Worldbuilding Wednesday 11/22/23: Myths of Ancient Greece

Jupiter and Thetis

Jupiter and Thetis, by Dominique Ingres (1811)

Pretty much all fantasy writers are familiar with Greek myths, or they should be: they’re one of the unfailing constants of Western Culture. The Iliad, which told of the fall of Troy (and the Trojan horse.) The Odyssey, about the hero Odysseus’s epic journey to find his way home. Theseus and the Minotaur, Icarus who flew too close to the sun, Pandora’s Box… these are but a few.

What’s little known, however, is that the contents of these myths varied from age to age, teller to teller, sprouting countless variations like the heads on a Greek hydra (another myth.) For example, in one myth the gods Athena and Poseidon were rivals to rename the city of Cecropolis in their own honor, depending on whose gift was more valuable to the citizenry. Of course Athena won, which is why the city is called Athens, but whether she won because Poseidon’s gift of a spring was too salty (in one version) or her gift of an olive tree proved more useful than a horse (another version) depends on the teller.

Modern takes on Greek myth lean on snappy teen comedy (The Percy Jackson series by Rick Riordan) or ignore the source material entirely (Disney’s 1997 animated movie Hercules, which didn’t even touch on the Twelve Labors, sacrilege!) Of course, there are other writers who get it right, like The Song of Achilles, by Madeline Miller.

A word on the painting above. It depicts a scene from The Iliad in which the nymph Thetis begs Zeus, her ex-lover, to protect their half-divine offspring Achilles in the war. It’s right-out wacky, which is why I love it: Ingres’ anatomical liberties taken with both figures, the way Zeus rests his left arm so casually on a cloud, the way Thetis is playing coochy-coochy-coo with his beard and mouth like he’s a big baby she’s trying to make smile. It’s absolutely delightful.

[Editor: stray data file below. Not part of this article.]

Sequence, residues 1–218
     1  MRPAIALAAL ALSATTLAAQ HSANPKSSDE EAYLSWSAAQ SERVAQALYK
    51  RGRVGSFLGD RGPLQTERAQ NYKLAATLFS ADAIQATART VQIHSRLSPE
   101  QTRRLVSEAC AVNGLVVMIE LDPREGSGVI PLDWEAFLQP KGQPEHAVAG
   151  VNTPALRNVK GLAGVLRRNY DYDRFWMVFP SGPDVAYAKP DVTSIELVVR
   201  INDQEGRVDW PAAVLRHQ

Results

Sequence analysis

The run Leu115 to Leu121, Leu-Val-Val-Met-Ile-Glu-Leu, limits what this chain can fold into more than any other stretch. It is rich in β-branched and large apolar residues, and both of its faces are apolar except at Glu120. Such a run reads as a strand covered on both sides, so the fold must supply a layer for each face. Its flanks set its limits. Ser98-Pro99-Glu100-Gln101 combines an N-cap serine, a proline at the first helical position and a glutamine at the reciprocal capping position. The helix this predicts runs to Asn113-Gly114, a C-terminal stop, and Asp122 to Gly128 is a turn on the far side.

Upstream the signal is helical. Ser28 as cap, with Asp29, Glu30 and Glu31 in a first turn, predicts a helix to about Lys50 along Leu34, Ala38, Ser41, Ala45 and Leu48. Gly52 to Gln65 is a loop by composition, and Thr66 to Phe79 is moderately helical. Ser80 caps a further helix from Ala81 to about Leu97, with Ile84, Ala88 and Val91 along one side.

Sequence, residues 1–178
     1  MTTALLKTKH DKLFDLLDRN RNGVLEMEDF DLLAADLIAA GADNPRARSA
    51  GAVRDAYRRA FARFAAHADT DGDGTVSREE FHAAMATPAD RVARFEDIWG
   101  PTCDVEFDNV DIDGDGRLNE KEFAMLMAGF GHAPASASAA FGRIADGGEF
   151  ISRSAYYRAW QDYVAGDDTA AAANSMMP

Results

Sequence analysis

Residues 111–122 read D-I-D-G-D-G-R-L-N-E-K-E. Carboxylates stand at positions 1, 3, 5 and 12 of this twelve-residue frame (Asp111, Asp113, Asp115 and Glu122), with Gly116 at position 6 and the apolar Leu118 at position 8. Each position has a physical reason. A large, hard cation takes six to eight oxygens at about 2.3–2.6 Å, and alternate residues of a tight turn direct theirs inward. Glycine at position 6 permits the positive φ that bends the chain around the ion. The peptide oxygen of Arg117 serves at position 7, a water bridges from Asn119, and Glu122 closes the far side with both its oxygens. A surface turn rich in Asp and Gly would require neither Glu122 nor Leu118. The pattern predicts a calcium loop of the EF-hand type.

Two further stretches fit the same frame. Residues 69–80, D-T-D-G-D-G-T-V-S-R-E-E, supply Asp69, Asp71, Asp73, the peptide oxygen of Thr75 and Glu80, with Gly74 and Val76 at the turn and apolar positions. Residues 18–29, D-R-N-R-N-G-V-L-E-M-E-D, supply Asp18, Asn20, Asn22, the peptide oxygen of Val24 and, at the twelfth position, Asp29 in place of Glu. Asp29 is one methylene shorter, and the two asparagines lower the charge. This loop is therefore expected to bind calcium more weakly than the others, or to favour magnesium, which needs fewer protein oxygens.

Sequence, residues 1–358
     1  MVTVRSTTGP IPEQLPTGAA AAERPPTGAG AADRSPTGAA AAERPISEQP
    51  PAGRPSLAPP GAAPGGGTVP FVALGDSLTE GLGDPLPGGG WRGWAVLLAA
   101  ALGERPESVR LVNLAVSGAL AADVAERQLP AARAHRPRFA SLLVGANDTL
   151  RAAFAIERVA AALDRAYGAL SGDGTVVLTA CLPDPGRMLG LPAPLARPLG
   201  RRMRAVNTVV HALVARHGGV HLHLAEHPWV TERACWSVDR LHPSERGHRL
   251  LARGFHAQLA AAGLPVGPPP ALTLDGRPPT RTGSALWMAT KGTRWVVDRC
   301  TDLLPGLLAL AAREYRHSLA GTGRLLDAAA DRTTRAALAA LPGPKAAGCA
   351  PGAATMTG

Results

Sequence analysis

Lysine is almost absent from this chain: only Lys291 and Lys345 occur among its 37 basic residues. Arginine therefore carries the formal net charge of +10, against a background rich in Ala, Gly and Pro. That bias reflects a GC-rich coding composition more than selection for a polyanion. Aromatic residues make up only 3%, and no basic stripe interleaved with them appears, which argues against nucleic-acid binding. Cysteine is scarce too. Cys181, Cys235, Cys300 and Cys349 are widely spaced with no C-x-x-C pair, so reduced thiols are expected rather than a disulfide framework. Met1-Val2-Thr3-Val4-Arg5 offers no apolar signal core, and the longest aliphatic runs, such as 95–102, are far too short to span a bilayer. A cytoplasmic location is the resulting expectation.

Need to a pull a never-before-documented Greek myth out of your hat? Here’s a few.


Unknown Myths of Ancient Greece

Aristotle and the Tale of the False Yolk

Amphitrite and the Unwanted Brazier

Theseus and the Wise Woman

Ares and the Gift of Cheese

Poseidon’s Olive Press

The Harp of Eris

Orion the Hunter and the Champions of Thebes

The Swineherd of Athens

Ariadne and the Spirited Stitch

Zeus and the Divine Egg

Dionysus and the Wayward Wine

Hades and the She-Goat

The Taming of the Hippalectron *

The Hundred Puzzles of Chiron the Boatman

How Hephaestus Found the Pearls of Charybdis

How Suffering Came to the Aegean Sea

The Judgement of Samothrace

Asclepius and the Surgeon of Knossos

The Boxer of Ithaca

The Ruby Pomegranate

Sisyphus and the Curse-Tablet

Chronos Punishes the Historians

Odysseus and the Poets of Lesbos

The Horns of Byblos

How Hermes Cut Oceanus’s Beard

Circe and the Golden Bow

The Plight of Arachne and the Oarsmen

Heracles and the Oathbreakers

Artemis and the Swineherds

Ares and the Captives of Troy

How Daedulus Multiplied the Olives

King Midas and the Linen Inventory

Hebe and the Loose Helmet

Plutarch and the Perfect Robe

* A hippalectron is a mythical half horse, half rooster creature.

Leave a Reply

Your email address will not be published.